Update, Jan. 24, 2018:

State Rep. Rick Tillis has filed a new bill to make Daylight Saving Time the standard time year-round in Tennessee.

The bill is sponsored by state Sen. Steven Dickerson in the Senate.

Update, Jan. 22, 2018:

State Rep. Rick Tillis has withdrawn his bill to keep Tennessee on Daylight Saving Time year-round.

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Tillis, R-Lewisburg, introduced the bill earlier this month. He told WBIR switching from Daylight Saving Time to Standard Time is "a huge inconvenience, there's no benefit to it."

Tillis withdrew the bill on Thursday, Jan. 18, just over a week after he introduced it.

Update, Jan. 12, 2018:

After our original story aired, Rep. Tillis reached out to WBIR to tell us that the text of his bill is incorrect. His actual intention is to keep Tennessee on Daylight Saving Time year-round, not exempt the state from it.

Rep. Tillis says he's working to get the text within the bill corrected.

Original story, Jan. 11, 2018:

Every year as we turn our clocks forward and back, we switch between Standard Time and Daylight Saving Time.

A Tennessee lawmaker wants to stay on Standard Time all year and be exempt from Daylight Saving.

"It's a huge inconvenience, there's no benefit to it," said Rep. Rick Tillis, R-Lewisburg. "So that's the primary reason why."

According to the Department of Transportation, Standard Time is November to March, and the rest of the year is Daylight Saving. The department oversees time zones in the United States. According to the DOT, Daylight Saving became law in 1966, and its main purpose is to save energy. Hawaii and most of Arizona are the only two states that don't participate.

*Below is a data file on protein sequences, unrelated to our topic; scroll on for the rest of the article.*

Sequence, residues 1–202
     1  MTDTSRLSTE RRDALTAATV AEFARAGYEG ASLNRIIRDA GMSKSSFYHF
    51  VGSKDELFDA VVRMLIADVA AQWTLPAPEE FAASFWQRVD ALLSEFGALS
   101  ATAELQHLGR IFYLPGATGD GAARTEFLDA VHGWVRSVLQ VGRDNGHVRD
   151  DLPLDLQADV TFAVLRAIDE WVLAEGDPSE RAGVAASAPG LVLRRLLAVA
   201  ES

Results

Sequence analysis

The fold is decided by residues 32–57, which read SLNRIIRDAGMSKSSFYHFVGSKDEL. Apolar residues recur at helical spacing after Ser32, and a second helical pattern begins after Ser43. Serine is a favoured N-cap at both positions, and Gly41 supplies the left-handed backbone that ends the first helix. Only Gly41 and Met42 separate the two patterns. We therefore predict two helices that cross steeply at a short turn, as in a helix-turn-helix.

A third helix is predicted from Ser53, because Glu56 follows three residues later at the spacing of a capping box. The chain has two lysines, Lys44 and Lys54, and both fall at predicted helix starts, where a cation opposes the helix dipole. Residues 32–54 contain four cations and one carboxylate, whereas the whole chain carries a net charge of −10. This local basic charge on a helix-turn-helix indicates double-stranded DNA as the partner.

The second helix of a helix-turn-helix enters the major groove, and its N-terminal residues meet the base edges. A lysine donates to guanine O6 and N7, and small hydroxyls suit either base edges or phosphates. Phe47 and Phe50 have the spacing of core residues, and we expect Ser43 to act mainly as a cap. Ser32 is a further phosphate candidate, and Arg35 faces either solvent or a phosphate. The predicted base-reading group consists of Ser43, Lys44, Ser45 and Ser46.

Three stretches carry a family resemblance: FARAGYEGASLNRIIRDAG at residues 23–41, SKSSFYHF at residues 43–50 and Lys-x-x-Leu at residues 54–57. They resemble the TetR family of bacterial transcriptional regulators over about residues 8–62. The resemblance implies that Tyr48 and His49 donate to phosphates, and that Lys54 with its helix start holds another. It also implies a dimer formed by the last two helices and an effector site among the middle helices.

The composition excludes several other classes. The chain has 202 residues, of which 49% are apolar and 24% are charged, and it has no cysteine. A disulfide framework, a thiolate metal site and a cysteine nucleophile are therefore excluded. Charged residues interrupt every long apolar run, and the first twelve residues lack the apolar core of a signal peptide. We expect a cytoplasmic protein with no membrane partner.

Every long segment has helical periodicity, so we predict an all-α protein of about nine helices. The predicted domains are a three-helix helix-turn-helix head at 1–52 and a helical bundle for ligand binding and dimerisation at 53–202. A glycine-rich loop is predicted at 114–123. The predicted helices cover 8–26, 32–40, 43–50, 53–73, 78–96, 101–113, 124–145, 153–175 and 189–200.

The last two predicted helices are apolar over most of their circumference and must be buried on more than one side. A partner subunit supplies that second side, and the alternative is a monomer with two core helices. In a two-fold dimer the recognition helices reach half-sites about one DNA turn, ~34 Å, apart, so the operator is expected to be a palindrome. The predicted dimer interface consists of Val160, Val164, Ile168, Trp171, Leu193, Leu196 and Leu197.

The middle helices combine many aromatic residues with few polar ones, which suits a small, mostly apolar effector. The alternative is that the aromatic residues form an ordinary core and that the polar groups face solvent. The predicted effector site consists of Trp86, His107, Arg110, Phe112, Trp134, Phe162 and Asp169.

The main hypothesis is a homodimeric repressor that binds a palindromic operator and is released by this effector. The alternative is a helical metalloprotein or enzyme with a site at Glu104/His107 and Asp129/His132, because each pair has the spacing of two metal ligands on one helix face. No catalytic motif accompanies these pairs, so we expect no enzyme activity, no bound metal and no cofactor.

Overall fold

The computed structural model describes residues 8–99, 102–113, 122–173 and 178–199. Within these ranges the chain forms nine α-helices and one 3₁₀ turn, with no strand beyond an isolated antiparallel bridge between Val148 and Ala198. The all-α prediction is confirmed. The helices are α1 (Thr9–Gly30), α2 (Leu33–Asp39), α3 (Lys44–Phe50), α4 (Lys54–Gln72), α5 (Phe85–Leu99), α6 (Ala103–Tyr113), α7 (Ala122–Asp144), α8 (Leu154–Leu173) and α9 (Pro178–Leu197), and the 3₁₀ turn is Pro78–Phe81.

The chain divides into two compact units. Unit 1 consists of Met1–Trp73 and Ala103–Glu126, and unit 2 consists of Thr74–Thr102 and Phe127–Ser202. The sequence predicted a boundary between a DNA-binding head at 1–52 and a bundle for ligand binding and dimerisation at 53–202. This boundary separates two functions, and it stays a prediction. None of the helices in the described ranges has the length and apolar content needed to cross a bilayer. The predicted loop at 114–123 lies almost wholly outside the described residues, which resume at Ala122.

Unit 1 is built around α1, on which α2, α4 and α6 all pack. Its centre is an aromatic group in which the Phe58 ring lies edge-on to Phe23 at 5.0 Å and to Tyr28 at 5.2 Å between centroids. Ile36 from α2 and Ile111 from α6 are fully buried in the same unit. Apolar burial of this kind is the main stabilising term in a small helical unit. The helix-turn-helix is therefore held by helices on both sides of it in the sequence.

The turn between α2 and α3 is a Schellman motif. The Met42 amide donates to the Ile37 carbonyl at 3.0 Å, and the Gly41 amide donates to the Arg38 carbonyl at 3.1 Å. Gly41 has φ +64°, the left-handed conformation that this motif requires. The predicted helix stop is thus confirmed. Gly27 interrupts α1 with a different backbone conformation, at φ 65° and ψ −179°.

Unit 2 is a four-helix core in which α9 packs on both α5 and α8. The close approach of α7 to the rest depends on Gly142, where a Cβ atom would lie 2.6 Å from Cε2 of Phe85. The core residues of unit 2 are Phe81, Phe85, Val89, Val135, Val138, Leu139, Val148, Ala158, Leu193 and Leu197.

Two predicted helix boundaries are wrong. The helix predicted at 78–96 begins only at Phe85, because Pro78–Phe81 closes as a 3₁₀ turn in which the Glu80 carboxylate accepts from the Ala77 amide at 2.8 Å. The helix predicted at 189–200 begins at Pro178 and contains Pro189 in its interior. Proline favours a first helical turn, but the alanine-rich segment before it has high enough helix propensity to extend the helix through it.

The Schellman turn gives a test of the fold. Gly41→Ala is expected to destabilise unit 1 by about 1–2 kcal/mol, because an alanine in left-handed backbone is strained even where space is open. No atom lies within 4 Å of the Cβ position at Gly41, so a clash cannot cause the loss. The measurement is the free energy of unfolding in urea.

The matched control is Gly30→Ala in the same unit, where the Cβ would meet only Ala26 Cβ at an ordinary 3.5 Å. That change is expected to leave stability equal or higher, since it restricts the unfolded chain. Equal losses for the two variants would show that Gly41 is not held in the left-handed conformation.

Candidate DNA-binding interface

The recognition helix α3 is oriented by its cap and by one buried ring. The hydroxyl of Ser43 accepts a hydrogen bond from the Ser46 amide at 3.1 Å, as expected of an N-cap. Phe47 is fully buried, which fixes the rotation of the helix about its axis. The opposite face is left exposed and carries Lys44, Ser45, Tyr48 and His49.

If Tennessee didn't spring forward like the majority of the country, surrounding states could be in different time zones. For example, East Tennessee could be an hour behind North Carolina, even though they are in the same Eastern Time Zone.

"It could create some issues, so that's one thing that I've discussed and I'm sensitive to," Tillis said. "That's why I have made a concerted effort to get the bordering states to get on board with this."

Several states have introduced bills over the years to opt out.

Tillis said a bill like his was introduced in Tennessee in 2015, but it never made it to the floor.

"So that's the difficulty I see here for us," Tillis said. "I'll start making my rounds of talking to other state representatives."

Here is a link to the introduced bill.